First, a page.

I recently experienced a homestay with a Japanese family in Handa City, Aichi Prefecture. It was a valuable and memorable experience to know and explore the lifestyle of a typical Japanese family, understand their culture and traditions, and also eat delectable home-cooked food.
I stayed with Obaasan (grandmother), and her daughter who lived nearby often joined us for food and sightseeing trips. Obaasan was an amazing host and cook, and she was like a mother to me during my two-day stay.
From my personal homestay experience in Japan, here are six things that I did and that I think you should do if you plan to do a homestay soon.
I made sure to interact freely and openly with my host family. People in Japan are extremely polite, generous, and kind. They are happy to talk to anyone and will answer your queries about life and culture in Japan. Even though I can’t speak Japanese fluently or the host family can’t speak English fluently, we still kept trying to communicate with expressions and gestures as they transcend words and language. We discussed our likes, dislikes, hobbies, cultures, lifestyles, travel experiences, and many other things over the dinner table and during our car drives.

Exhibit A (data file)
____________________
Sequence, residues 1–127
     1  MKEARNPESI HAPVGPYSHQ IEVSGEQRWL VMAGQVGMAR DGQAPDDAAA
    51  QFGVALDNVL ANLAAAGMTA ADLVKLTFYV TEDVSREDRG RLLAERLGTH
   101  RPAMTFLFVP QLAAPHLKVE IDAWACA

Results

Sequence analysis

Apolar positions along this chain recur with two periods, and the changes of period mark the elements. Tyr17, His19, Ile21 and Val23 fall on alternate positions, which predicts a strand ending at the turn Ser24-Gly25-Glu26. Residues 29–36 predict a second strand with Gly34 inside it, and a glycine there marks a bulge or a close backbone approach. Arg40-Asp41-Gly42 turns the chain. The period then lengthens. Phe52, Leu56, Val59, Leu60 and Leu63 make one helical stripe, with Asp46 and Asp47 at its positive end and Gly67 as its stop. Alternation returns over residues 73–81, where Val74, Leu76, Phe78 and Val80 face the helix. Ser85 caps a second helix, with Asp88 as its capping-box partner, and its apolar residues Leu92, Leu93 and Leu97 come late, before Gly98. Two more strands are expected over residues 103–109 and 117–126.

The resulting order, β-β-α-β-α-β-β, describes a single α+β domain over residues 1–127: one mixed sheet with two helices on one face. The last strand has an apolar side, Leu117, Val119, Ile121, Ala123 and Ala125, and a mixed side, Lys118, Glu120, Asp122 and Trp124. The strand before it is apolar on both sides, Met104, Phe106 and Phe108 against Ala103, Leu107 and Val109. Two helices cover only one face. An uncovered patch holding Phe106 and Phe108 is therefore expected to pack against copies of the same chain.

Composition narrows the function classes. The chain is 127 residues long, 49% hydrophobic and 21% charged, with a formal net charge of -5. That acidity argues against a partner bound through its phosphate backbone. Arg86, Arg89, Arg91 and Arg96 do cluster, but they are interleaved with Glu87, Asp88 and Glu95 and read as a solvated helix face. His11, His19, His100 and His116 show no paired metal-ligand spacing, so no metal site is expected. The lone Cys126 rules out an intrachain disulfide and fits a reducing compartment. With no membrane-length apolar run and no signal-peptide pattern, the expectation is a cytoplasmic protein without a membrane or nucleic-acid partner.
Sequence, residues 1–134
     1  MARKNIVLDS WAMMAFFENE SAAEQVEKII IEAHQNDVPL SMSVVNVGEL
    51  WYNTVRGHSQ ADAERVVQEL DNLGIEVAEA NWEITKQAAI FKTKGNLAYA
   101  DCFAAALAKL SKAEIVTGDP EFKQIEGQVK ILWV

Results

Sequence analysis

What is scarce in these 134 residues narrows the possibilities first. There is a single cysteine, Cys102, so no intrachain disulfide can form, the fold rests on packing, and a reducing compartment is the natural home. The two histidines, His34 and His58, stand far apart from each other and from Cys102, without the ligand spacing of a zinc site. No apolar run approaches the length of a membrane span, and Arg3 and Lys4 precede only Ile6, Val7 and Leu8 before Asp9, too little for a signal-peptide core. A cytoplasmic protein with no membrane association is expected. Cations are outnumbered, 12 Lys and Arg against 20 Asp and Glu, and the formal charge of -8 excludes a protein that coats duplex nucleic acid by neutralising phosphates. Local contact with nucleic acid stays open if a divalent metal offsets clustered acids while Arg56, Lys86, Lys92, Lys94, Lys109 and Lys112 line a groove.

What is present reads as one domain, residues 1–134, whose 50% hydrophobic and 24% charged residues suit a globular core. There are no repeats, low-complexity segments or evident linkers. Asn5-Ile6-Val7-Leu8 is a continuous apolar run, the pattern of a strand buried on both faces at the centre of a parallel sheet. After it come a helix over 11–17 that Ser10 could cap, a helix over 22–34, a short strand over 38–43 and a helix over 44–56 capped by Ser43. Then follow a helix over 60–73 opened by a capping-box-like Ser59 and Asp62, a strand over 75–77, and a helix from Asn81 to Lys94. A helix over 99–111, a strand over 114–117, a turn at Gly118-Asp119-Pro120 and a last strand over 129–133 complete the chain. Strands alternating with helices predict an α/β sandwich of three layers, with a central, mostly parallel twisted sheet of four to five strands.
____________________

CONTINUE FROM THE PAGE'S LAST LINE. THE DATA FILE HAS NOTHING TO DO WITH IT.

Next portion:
I tried and helped my host family in doing daily chores. Although they were sweet enough to ask me to just relax and enjoy, lending a helping hand made me more involved and engaged with the family and their lifestyle. I helped them in the kitchen, cleaning, taking care of pets, and with groceries. I also shadowed them in the kitchen while they prepare delicious Japanese dishes like tempura, yakisoba, and tofu salad.
I captured all the memories by taking pictures with my host family and during our visits to the town and other sightseeing places. I also snapped good photographs of their house, with their permission, so that I could proudly share my experience of immersing myself in Japanese culture with my friends and family.
Before going on a homestay, I made sure to learn basic Japanese customs so that I don’t end up offending or hurting my host family in any way. For example, not to take shoes inside the house, not to eat before others, and so on. Knowledge of these basic culture-specific etiquettes pleasantly surprised my host family as it made them feel more comfortable with me and my presence.
I share about myself, my family, my hobbies, likes, dislikes, etc. This helped my host family know me better and started good conversations about my home country India, my decision to come to Japan, my life here, etc. I also discussed my travel plans, career ideas, other goals, and my future dreams and aspirations.
Japan has a wonderful custom of gift-giving and I thought of a meaningful gift from my country, a stone bracelet and a pair of earrings, to give to my host family for being gracious and kind hosts, and for taking care of me like their own.
For a true cultural immersion, why not do a homestay in Japan? I am sure my personal experience that I shared above and the things I did will help you plan your homestay and make it a memorable and enjoyable one.